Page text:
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Into the Deep: Crater Lake's ranking as one of the world's deepest lakes varies by how list is determined

 

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Herald and News
Klamath Falls, Oregon
November 29, 2007
By LEE JUILLERAT

H&N Regional Editor

 

Is Crater Lake the seventh deepest lake in the world, the eighth or the third?

Depends on how it’s figured.

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Owen Hoffman, a director with the Crater Lake Institute and a former park ranger, created a series of scenarios that give argument to any of the three claims.

Typically, Crater Lake is regarded the world’s seventh deepest lake, and the deepest in the U.S., with a maximum depth of 1,949 feet.

Hoffman, whose research at the park from 1966 to 1968 led to a master’s degree in limnology and ecology from Oregon State University, said Crater Lake could be regarded the world’s eighth deepest lake with the recent discovery of sub-glacial Lake Vostok in Antarctica, which is believed to be 2,133 feet deep. The lake surface of Vostok, however, is covered by nearly 13,000 feet of ice that, based on studies, is almost as old as the oldest rocks inside the Crater Lake caldera.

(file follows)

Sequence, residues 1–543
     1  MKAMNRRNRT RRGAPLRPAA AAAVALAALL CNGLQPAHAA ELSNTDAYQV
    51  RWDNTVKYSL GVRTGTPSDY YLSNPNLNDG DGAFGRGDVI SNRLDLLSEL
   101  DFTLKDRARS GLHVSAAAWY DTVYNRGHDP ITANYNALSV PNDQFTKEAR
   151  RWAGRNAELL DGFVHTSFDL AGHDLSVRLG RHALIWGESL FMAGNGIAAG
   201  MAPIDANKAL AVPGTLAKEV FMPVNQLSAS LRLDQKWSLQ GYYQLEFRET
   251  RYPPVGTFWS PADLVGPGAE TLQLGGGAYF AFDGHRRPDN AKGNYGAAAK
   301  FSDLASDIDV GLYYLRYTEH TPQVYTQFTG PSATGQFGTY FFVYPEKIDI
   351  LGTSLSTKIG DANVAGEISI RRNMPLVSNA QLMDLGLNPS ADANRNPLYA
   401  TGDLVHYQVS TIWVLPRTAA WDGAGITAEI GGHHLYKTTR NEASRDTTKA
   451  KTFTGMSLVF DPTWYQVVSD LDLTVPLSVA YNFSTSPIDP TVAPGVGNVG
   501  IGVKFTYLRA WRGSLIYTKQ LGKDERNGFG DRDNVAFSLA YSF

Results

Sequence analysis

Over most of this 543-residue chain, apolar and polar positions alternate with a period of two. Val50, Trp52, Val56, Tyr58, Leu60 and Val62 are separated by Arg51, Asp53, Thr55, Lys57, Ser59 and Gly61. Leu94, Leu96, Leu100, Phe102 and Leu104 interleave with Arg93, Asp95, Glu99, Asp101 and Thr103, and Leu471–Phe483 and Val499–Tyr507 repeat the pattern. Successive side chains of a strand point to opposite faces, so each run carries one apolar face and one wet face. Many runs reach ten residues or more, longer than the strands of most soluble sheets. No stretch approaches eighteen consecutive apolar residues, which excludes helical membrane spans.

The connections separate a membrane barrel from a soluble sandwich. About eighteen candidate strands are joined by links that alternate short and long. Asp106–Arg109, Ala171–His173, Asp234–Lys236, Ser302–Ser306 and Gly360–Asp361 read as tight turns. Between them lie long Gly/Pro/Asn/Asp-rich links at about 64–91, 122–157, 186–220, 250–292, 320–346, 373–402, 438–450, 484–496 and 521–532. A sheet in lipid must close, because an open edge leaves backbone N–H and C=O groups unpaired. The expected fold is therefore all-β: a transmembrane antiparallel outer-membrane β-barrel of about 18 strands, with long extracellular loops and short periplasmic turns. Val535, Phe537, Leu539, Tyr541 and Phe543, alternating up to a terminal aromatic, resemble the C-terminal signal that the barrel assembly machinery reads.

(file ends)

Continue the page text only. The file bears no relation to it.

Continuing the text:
But using other criteria, Hoffman says Crater Lake can be regarded the deepest lake in North America, and third deepest in the world.

H&N file photo - Crater Lake is often thought of as the world’s seventh deepest lake, and the deepest in the U.S., with a maximum depth of 1,949 feet. But its rank depends on how the list is calculated.

Hoffman’s revised ranking is based on determining an average depth.

Great Slave Lake in Canada, with a maximum depth of 2,014 feet, or 614 meters, is the deepest in North America. Great Slave, however, has an average depth of only 73 meters. Crater Lake, created by a series of eruptions that blew off the top of prehistoric Mount Mazama 7,700 years ago leaving the caldera that contains the lake, has an average depth of 1,148 feet, or 349 meters.

Based on Hoffman’s research, the deepest lake in the world, Baikal in Russia, has a maximum depth of 1,637 meters and average depth of 758 meters. The second deepest lake, Tanganyika, has a maximum depth of 1,470 meters and an average depth of 540 meters, which means it retains second place.

“Compared to the average depth of Crater Lake, the other lakes begin to fall behind,” Hoffman said, noting the Caspian Sea, which has a maximum depth of 1,025 meters, has an average depth of 184 meters.

Likewise, Lake Vostok, with its maximum depth of about 1,000 meters, or 2,133 feet, has an average depth of 292 meters, while Lake Issyk-Kul, with a maximum depth of 668 meters, has an average depth of 270 meters. The average depth of Lake Tahoe, which has a maximum depth of 501 meters, is 305 meters.

“Thus,” Hoffman said, “based on its average depth Crater Lake has moved up among the lakes of the world from eighth place — seventh if one excludes the subglacial Lake Vostok — to win the bronze medal.”

 

 

 

 

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